Research program:
Design, Development and
Testing of Innovative Materials for Urban Cooling

To promote advanced technologies to mitigate urban heat island and to simulate impact of infrastructure materials, an integrated study of the design, development and testing of innovative materials for urban cooling was undertaken with support from The Global Kaiteki Center.  In this project, efforts include development and use of computer simulations of urban buildings and urban centers as well as a novel approach to asphalt pavement formulation to promote a more durable material that also improve thermal properties.

Computer simulations have been developed to understand the benefits of innovations in materials for building roof, wall, and road construction. These benefits take the form of reduced energy consumption and improved thermal comfort in both indoor and outdoor environments. Our analyses focus on 5 moderate to hot climate cities: Atlanta GA, Barcelona SPAIN, Jakarta INDONESIA, Phoenix AZ, and Tokyo JAPAN. By using whole building-energy models, pavement transient conduction models, and regional-scale atmospheric models, we have identified optimum design and deployment characteristics for passive daytime radiative cooling roofing materials, cross-laminated timber buildings, and aerogel-enhanced paving materials.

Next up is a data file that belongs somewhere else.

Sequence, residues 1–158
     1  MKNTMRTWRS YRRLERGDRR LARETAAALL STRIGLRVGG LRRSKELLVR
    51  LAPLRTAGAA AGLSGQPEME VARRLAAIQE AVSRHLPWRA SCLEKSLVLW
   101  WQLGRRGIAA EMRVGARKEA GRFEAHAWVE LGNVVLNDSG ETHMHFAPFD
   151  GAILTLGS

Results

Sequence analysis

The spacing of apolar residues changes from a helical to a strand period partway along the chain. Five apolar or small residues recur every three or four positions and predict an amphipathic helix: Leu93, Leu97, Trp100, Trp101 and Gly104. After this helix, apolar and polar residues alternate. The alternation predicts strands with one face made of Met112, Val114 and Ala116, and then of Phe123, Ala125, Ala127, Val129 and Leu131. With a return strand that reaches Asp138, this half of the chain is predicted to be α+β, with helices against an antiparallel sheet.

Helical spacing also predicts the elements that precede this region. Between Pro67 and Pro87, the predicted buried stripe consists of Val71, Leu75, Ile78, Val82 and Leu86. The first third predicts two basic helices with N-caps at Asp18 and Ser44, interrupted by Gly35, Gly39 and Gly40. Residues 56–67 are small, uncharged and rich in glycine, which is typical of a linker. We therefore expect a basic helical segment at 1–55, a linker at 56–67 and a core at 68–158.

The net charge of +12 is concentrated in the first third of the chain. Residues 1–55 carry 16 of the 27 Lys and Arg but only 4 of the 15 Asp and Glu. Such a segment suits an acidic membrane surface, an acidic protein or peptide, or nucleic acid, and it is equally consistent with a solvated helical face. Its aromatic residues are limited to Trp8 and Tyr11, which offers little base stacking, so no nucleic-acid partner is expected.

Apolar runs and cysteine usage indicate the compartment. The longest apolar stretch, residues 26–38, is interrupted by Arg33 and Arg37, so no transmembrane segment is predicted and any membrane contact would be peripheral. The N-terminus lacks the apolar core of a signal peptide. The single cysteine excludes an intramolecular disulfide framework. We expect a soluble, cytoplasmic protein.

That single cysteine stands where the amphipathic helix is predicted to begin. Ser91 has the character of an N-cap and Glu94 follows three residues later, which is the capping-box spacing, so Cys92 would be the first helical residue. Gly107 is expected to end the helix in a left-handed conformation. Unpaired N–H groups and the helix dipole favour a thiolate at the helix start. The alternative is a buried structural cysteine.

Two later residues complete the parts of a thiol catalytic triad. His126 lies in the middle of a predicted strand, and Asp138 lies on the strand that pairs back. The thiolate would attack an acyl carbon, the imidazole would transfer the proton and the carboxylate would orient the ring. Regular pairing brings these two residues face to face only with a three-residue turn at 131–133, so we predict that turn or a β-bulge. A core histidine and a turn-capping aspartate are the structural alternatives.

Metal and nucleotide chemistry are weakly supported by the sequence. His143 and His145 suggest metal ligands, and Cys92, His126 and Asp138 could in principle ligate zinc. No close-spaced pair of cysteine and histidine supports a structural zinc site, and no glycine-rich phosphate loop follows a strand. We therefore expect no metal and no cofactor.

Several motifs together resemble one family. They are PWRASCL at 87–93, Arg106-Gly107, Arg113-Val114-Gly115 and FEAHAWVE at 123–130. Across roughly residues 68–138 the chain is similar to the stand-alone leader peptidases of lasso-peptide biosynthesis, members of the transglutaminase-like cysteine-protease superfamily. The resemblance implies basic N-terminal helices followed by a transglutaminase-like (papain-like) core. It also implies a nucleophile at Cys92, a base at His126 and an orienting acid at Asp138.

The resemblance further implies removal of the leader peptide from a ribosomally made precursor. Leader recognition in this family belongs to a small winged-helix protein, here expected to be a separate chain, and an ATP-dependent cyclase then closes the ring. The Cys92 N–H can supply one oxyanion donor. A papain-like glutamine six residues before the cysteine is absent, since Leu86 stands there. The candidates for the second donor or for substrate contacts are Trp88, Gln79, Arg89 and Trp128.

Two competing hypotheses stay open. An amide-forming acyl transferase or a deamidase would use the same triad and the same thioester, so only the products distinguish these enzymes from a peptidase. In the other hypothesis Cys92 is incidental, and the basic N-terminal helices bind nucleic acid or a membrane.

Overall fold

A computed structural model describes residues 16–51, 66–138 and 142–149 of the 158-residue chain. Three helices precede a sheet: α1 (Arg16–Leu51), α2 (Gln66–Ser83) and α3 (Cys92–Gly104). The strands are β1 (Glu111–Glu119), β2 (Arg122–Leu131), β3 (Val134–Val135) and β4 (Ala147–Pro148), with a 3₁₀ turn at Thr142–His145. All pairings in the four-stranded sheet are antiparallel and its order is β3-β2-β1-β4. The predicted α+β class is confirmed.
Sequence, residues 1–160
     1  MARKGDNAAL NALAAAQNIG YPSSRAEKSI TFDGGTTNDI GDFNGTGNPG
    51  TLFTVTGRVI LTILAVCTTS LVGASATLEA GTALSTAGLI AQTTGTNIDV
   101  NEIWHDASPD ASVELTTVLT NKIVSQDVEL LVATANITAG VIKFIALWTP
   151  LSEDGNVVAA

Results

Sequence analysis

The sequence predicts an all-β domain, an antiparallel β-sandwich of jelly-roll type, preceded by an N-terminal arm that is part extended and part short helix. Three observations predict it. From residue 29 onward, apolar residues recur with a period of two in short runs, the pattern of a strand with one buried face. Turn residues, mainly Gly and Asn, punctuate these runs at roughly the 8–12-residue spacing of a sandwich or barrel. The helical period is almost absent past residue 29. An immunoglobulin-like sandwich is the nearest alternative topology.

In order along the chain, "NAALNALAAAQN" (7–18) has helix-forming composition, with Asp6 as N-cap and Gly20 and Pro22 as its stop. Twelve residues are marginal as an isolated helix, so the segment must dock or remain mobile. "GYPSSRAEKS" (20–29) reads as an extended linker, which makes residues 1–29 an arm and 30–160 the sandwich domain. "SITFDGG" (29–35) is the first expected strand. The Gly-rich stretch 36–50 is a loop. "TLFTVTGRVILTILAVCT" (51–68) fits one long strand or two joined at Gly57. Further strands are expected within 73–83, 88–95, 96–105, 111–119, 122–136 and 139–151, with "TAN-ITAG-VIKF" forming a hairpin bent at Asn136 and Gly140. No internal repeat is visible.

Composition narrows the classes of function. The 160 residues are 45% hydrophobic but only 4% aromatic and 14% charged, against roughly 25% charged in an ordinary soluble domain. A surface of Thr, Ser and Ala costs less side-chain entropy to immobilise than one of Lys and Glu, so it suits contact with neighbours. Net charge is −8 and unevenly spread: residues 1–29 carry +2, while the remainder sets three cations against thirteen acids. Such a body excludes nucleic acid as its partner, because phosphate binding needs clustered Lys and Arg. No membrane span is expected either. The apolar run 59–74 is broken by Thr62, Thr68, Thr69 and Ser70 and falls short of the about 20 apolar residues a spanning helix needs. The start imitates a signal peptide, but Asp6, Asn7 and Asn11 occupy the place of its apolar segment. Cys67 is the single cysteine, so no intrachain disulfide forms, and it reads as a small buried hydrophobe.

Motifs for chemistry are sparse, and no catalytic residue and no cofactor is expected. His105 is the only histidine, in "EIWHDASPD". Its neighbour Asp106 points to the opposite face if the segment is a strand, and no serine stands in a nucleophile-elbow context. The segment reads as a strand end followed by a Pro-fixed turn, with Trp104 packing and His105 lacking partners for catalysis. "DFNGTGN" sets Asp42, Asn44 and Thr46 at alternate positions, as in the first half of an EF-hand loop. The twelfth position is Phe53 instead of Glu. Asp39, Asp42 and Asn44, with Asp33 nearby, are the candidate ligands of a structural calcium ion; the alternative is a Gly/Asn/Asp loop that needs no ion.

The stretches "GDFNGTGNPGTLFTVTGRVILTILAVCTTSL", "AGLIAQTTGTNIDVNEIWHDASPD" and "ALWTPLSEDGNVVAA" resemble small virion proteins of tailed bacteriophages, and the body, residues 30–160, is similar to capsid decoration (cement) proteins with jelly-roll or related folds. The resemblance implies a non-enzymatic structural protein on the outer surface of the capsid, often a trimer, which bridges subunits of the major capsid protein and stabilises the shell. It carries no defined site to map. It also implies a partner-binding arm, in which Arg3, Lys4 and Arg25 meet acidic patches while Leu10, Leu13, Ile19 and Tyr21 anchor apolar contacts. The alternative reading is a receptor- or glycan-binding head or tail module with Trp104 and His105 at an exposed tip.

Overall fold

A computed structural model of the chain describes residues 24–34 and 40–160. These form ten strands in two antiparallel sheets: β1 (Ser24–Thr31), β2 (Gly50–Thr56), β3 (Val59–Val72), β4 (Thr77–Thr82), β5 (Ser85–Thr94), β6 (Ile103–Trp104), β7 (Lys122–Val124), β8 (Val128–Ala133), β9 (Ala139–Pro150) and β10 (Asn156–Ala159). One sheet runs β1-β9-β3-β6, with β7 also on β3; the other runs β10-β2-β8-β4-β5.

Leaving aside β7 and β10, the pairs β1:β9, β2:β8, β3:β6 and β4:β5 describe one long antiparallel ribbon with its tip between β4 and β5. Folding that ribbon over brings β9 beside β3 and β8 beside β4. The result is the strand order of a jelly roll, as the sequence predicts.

For advanced paving materials, our research has shown that addition of aerogel composite (aMBx) to asphalt binders or mixtures increases the resistance to heat flow, improves temperature susceptibility, and mitigates the urban heat island making the paved materials more durable and better suited to warm climate regions facing urban heat.  Laboratory optimization of the material design and manufacturing has resulted in promising preliminary data which is currently being verified in field testing in collaboration with local industry.

The two interconnected projects also included mathematical temperature simulations of various paving scenarios including aMBx paving materials each focused on answering a common question: how can urban centers be cooled through the design and deployment of novel materials in built environments?  Through close collaboration and communication, the results of laboratory and field demonstrations for paving materials provide novel data for climate simulations while promising parameters identified through energy simulations drive laboratory simulations on paving materials.